We apply the categorical approach to determine whether this crime necessarily includes as an element the use, attempted use, or threatened use of physical force against the person of another. If the use, attempted use, or threatened use of physical force against the person of another was an element Indiana had to prove beyond a reasonable doubt to support a felony conviction for pointing a firearm, then such a conviction supports application of the ACCA. Otherwise, it does not.

         The district judge decided Indiana felony pointing-a-firearm supports application of the ACCA. The judge itemized the elements of the crime as: (1) knowingly and intentionally, (2) pointing a firearm, (3) at another person.[4] Portee argues it is possible to violate this statute without using, attempting to use, or threatening to use physical force against the person of another. He argues Indiana could prove all the elements of this felony without proving the defendant used, attempted to use, or threatened to use physical force against the person of another. He proposes a hypothetical: A person could say to another, "The first chamber in my weapon is empty, the safety is on, and my finger is not inside the trigger guard," and point a gun at him.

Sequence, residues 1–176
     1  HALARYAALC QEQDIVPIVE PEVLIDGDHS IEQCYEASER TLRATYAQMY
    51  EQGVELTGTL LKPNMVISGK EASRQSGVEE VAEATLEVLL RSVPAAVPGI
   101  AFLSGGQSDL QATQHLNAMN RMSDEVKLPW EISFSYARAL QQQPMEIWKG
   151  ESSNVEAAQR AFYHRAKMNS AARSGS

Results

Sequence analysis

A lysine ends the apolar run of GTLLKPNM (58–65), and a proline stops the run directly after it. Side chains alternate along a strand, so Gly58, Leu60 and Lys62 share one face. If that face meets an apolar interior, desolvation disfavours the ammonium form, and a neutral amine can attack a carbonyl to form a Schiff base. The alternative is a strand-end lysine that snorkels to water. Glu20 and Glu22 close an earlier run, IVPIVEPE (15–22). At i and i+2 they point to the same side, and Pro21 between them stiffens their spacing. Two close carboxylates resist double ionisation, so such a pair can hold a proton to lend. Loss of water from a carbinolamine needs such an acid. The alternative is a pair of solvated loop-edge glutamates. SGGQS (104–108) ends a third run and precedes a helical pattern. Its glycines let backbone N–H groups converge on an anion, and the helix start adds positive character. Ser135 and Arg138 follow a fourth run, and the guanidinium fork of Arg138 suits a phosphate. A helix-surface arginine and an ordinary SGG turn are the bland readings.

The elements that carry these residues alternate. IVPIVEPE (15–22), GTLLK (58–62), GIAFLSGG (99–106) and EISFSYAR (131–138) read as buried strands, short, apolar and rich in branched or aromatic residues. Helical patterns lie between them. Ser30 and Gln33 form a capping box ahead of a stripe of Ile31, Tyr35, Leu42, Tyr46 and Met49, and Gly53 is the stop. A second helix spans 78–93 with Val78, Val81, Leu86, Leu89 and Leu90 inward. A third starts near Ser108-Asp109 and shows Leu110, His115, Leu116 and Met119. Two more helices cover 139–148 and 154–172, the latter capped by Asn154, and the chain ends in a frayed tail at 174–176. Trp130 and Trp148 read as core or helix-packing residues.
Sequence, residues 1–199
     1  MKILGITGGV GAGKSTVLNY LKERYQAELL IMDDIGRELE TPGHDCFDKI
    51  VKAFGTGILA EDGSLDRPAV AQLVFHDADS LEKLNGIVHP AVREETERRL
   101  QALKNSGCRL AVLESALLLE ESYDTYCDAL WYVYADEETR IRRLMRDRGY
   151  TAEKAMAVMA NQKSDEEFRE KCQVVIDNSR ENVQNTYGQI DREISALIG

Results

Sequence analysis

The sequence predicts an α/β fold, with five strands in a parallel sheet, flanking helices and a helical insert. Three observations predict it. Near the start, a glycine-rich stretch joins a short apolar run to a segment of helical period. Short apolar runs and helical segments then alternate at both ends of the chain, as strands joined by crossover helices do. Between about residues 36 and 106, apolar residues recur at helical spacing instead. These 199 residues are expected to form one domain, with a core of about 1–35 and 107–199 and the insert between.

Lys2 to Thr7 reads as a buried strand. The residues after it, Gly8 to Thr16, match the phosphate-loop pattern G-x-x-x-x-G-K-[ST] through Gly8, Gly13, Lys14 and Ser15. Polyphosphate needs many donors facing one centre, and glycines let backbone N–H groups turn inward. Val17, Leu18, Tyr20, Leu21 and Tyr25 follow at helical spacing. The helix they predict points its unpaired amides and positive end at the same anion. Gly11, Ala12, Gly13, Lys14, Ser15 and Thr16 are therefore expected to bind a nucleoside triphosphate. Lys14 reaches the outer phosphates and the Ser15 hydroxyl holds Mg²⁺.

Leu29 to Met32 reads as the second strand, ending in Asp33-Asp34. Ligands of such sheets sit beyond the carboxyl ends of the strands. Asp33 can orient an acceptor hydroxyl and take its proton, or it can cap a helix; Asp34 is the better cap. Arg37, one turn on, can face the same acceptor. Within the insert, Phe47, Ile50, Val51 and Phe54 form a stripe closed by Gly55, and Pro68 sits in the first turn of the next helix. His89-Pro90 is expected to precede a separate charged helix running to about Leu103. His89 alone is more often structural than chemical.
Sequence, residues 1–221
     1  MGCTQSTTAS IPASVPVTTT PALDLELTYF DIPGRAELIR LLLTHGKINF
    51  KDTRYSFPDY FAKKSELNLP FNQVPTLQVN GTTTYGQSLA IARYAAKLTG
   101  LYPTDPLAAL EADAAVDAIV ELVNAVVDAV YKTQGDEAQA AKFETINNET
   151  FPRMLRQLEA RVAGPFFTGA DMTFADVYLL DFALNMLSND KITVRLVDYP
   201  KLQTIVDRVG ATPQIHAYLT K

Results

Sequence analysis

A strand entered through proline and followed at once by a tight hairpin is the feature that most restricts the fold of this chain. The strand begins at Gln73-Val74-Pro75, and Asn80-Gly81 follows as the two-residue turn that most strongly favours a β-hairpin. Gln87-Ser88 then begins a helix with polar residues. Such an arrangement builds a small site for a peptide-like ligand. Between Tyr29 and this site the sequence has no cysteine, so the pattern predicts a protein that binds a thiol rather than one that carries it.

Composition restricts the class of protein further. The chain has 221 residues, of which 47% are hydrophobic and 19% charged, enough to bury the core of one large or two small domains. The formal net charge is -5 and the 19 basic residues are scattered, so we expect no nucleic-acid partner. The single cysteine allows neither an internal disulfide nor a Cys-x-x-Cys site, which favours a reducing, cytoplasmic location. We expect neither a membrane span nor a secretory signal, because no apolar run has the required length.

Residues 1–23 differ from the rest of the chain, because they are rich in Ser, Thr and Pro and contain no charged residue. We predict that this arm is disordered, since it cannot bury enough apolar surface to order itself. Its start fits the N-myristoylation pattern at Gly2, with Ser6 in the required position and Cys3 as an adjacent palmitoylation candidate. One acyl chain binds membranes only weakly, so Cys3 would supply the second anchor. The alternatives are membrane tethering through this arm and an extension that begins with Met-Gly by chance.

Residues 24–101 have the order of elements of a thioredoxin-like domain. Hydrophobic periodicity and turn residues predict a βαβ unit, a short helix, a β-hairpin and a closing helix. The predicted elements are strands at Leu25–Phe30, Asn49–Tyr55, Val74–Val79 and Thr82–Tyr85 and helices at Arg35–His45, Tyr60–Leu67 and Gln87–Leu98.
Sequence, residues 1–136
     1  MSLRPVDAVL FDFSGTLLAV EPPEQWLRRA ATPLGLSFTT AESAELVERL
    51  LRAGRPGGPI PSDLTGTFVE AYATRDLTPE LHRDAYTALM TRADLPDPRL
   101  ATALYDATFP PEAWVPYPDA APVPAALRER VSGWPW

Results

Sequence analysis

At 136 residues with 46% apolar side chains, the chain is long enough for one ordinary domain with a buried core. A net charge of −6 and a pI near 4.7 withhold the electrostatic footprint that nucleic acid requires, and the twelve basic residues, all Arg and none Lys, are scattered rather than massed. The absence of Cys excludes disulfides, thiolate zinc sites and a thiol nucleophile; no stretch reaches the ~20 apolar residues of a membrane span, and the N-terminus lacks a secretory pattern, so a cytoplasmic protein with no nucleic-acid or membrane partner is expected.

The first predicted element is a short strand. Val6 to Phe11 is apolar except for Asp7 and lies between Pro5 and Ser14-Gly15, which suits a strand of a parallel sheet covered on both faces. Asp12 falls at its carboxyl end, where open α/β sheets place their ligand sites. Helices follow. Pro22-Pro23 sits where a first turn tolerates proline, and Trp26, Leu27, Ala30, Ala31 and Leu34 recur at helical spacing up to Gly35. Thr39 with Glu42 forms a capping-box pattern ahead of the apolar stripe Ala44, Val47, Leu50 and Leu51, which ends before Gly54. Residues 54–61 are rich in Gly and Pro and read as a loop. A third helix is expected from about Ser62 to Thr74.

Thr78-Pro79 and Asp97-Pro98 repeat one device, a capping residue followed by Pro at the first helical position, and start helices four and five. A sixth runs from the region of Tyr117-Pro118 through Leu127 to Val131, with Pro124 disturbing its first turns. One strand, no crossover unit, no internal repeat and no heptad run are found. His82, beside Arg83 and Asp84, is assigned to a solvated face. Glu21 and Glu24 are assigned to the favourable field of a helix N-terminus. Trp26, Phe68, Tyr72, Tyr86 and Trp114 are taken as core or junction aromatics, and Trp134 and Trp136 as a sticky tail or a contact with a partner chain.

The judge reasoned that even in this scenario, "[i]t is difficult to imagine that such action is not intended to communicate a threat of injury, which is implicit in the elements of the offense." The judge essentially concluded knowingly or intentionally aiming a firearm at another is always at least threatening the use of physical force against another.